With the global recession hanging over economies in Asia, IDC expects overall IT services growth in the region to slow down, forcing organizations to move back to basics with an increased focus on cost management and less so on business transformation projects.
In its annual Top 10 Predictions of the IT services market in Asia/Pacific excluding Japan (APEJ), IDC also predicts that the economic slowdown will sustain demand for outsourcing services. The research firm believes that outsourcing and managed services will be more resilient to any curtailment in ICT spending than adjacent ICT areas since they tend to be longer term in nature and are largely driven by cost savings.
IDC also predicts that energy consumption and space constraints will continue to drive investments in transforming the data center, with virtualization and consolidation of the server environment being the initial focus. Despite vendors' attempts to brand these initiatives under the banner of 'Green IT,' the underlying objective for most organizations is around infrastructure optimization to reduce electricity costs--not just environmental sustainability.
Other predictions of IDC include: the resurrection of SaaS and the increasing adoption of Platform-as-a-Service (Paas); remote infrastructure management; increased competition in the hosting and managed services space; and innovative and creative business models to reduce operations expenditure and to ensure that vendors are more accountable for the business outcomes of an engagement.
Meanwhile, IDC expects the "war" for the SMB market to continue in 2009. This sector is expected to adopt the the PaaS models of delivering services via "the Cloud" in an attempt to drive down costs in the current economic environment. In addition, vendors are also moving towards standardizing their support service offerings, which will become even more appealing to the SMB market as they are price sensitive and looking for quick and expedient ways to scale up their business. IDC believes that vendors that are able to offer remote, host-based, automated delivery of services will gain favorable traction in this market segment.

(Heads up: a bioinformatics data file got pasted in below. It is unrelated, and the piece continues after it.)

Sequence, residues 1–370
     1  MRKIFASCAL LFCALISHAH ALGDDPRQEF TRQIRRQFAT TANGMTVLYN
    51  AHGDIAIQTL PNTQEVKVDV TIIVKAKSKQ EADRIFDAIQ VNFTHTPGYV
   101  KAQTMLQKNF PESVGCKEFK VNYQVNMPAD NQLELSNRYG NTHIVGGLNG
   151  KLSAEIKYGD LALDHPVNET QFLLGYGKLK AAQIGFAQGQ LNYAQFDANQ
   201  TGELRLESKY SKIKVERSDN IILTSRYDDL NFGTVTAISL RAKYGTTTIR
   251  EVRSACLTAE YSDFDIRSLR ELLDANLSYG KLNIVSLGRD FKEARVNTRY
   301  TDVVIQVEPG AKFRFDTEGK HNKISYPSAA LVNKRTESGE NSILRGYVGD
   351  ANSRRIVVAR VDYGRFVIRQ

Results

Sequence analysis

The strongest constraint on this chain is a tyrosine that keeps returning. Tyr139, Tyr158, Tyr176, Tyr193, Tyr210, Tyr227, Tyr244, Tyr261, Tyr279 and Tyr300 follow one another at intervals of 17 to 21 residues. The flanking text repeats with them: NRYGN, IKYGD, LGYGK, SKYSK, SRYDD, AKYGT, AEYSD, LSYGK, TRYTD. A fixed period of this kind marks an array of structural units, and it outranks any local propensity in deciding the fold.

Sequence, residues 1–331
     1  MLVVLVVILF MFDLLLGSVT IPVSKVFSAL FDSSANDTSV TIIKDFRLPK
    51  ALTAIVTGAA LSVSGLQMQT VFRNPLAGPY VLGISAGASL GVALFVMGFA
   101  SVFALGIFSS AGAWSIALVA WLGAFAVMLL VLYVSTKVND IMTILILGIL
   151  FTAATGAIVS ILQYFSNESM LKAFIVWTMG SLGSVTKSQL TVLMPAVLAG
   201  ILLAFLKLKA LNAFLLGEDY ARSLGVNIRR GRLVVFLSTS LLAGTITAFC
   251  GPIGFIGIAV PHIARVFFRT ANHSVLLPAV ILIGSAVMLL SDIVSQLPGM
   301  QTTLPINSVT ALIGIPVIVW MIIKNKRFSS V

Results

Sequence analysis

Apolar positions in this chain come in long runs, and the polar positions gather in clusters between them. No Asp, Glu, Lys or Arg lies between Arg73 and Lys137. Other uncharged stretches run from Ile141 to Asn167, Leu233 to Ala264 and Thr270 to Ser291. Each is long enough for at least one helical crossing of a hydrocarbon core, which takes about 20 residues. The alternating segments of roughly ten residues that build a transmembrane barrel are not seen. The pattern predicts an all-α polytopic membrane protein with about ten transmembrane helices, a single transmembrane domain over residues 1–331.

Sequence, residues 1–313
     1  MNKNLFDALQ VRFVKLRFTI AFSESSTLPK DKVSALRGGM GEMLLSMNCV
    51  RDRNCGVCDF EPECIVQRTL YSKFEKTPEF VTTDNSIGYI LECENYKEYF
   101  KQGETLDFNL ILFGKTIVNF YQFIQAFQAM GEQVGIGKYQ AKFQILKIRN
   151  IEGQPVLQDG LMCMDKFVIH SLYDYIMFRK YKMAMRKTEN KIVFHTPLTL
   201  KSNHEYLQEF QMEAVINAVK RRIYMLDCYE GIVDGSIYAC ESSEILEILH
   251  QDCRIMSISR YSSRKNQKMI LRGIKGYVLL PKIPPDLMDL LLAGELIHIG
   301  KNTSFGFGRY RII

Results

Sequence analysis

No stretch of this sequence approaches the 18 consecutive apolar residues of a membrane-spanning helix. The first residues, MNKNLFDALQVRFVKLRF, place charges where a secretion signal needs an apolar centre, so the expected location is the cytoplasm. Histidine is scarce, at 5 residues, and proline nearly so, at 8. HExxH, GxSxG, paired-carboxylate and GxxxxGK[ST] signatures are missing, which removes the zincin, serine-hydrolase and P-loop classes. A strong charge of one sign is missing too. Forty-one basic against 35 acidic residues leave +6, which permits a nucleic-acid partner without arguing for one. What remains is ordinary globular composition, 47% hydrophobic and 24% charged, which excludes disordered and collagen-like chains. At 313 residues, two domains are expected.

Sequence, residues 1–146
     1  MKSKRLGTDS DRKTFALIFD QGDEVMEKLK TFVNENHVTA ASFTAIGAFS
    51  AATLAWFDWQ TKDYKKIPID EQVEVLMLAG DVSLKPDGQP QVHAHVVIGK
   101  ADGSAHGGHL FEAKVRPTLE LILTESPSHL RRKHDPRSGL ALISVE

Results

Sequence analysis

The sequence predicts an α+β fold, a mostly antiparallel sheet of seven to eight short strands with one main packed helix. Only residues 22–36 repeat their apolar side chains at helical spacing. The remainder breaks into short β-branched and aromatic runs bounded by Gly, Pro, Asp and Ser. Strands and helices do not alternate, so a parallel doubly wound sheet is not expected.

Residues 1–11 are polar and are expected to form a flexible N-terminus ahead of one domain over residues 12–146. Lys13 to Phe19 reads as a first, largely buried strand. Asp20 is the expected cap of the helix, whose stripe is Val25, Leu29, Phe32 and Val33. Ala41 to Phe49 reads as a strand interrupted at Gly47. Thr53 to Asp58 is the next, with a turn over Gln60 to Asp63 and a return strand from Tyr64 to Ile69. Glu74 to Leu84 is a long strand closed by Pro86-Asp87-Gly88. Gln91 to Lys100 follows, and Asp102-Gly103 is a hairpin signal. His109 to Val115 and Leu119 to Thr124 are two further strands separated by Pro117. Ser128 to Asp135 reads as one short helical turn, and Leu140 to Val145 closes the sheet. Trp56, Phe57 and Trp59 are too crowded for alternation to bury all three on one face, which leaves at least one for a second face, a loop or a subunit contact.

"The impact of the global economic crisis on the services market has to be viewed from a number of perspectives and these are changing constantly," said Philip Carter, associate research director, IDC Asia/Pacific Services research. "The recent Satyam saga is a very good example. The implication in terms of IT governance for clients dealing with services vendors, the offshore players in particular highlights how clients have to maintain a constant balance between cost and value."
As a result of the current global economic crisis and its impact on the region, IDC has lowered its growth rate forecast for the APEJ IT services market for 2009 to a 'post-crisis' forecast of 9.6% from the previous forecast of 11.2%. This revised forecast implies a downside of US$6.5 billion for the IT services market between 2008 and 2012 in APEJ, of which, approximately $2 billion is expected in 2008 and 2009 alone (using a 2007 constant currencies exchange rate). Despite this, the APEJ IT services market is still expected to grow to $49.4 billion in 2009, driven primarily by continued demand for managed services and outsourcing, as cost management becomes a key focus for organizations in the region.